The city of Port Moody will spend up to $120,000 to create an economic development office and hire someone to run it.
And the chair of the city’s economic development committee says it’s about time.
Coun. Diana Dilworth said discussions about just such a position date back to 2016 but economic development has been a pillar of Port Moody’s strategic plan since 2012. She said the city’s anticipated growth will present new economic opportunities that could benefit from the guiding hand of someone to identity those opportunities and build relationships with the business community.
“The city has always been more reactive than proactive,” Dilworth said. “Now we’ve made taking care of business a priority.”
Dilworth said as more people move into Port Moody, the imperative to create jobs for them so they can work in the same community will increase. She said the city’s relative lack of large chain stores and big companies creates a unique business environment.
“I think Port Moody has been getting a reputation for having some really niche commercial opportunities,” Dilworth said. “It would be fascinating to see more of those small businesses here.”
Dilworth said she expects the economic development officer, once hired, will look at ways to help local business co-ordinate amongst themselves as well as pursue opportunities from outside the city. She said the officer may also be able to light a fire under recommendations for the city’s long-term tourism plan that have never been implemented.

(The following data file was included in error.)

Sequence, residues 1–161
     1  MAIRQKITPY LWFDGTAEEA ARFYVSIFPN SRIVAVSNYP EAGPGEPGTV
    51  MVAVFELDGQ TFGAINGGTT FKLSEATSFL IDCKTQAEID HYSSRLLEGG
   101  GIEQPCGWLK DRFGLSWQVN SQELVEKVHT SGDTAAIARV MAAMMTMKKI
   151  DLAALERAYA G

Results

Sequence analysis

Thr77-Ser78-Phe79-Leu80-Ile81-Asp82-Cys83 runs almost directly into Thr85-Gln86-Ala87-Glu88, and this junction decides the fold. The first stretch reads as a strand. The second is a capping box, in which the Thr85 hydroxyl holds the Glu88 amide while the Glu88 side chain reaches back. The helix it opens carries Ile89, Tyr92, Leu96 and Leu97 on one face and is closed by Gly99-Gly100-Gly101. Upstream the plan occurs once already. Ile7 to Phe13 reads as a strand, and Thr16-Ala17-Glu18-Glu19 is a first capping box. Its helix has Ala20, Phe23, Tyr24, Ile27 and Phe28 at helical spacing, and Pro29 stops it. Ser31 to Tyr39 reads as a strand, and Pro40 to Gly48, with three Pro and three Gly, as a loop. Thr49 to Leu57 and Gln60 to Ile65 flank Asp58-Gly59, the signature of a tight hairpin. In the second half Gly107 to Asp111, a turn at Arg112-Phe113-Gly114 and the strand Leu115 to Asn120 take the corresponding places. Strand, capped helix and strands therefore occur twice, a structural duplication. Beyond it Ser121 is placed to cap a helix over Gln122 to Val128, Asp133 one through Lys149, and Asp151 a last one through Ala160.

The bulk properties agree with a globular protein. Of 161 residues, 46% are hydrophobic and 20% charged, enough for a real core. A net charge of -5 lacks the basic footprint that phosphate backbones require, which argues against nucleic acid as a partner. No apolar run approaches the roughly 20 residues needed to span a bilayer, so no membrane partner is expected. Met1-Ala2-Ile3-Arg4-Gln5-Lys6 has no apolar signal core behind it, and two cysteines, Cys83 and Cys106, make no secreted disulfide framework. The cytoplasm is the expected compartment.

“We can have that person jump in and see how special Port Moody is,” Dilworth said.
A timeline for filling the position hasn’t yet been set. Dilworth said it will depend on completing the job description and the city’s human resources department executing the hiring process.
“Hopefully, that will happen sooner rather than later,” Dilworth said.
SOCIAL PLANNER ALSO BEING HIRED
The city will also be hiring a temporary full-time social planner to work on affordable housing initiatives.
The new social planner will review and make recommendations on city documents and policies to strengthen its initiatives to achieve affordable housing, work with other levels of government and service providers like BC Housing to provide social and non-market housing in Port Moody, and act as a resource for various local agencies and organizations looking to develop social services and housing.
The two-year position will be funded from the city’s affordable housing reserve.